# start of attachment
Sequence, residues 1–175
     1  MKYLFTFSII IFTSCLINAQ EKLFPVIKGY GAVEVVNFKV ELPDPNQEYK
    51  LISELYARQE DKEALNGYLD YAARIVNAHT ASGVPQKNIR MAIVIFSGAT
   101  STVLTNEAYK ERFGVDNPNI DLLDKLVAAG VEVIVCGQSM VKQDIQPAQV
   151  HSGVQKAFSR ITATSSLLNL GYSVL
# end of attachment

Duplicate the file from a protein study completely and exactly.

Sequence, residues 1–175
     1  MKYLFTFSII IFTSCLINAQ EKLFPVIKGY GAVEVVNFKV ELPDPNQEYK
    51  LISELYARQE DKEALNGYLD YAARIVNAHT ASGVPQKNIR MAIVIFSGAT
   101  STVLTNEAYK ERFGVDNPNI DLLDKLVAAG VEVIVCGQSM VKQDIQPAQV
   151  HSGVQKAFSR ITATSSLLNL GYSVL